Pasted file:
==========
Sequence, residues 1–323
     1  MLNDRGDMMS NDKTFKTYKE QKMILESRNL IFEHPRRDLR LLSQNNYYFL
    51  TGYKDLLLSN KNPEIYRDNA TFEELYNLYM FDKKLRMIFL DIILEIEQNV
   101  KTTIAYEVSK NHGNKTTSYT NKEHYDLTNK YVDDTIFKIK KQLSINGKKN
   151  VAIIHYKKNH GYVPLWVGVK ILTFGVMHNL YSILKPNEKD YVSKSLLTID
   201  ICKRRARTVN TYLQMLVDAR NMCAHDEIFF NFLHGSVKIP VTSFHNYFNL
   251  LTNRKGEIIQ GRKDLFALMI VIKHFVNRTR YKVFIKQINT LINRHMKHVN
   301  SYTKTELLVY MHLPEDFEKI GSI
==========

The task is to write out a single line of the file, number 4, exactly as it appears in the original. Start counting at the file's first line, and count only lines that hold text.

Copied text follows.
   101  KTTIAYEVSK NHGNKTTSYT NKEHYDLTNK YVDDTIFKIK KQLSINGKKN